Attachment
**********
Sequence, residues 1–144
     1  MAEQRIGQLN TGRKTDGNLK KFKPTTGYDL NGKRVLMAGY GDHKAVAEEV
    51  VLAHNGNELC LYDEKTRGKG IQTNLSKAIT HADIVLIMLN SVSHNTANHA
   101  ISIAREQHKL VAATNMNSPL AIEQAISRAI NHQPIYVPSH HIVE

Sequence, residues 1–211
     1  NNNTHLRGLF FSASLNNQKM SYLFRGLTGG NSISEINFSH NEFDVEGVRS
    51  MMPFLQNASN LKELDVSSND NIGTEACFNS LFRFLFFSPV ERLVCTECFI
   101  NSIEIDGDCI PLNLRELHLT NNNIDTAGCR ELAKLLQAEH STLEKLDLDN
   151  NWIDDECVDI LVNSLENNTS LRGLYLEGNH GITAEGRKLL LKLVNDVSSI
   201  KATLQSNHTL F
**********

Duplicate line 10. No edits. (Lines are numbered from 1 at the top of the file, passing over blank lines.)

   201  KATLQSNHTL F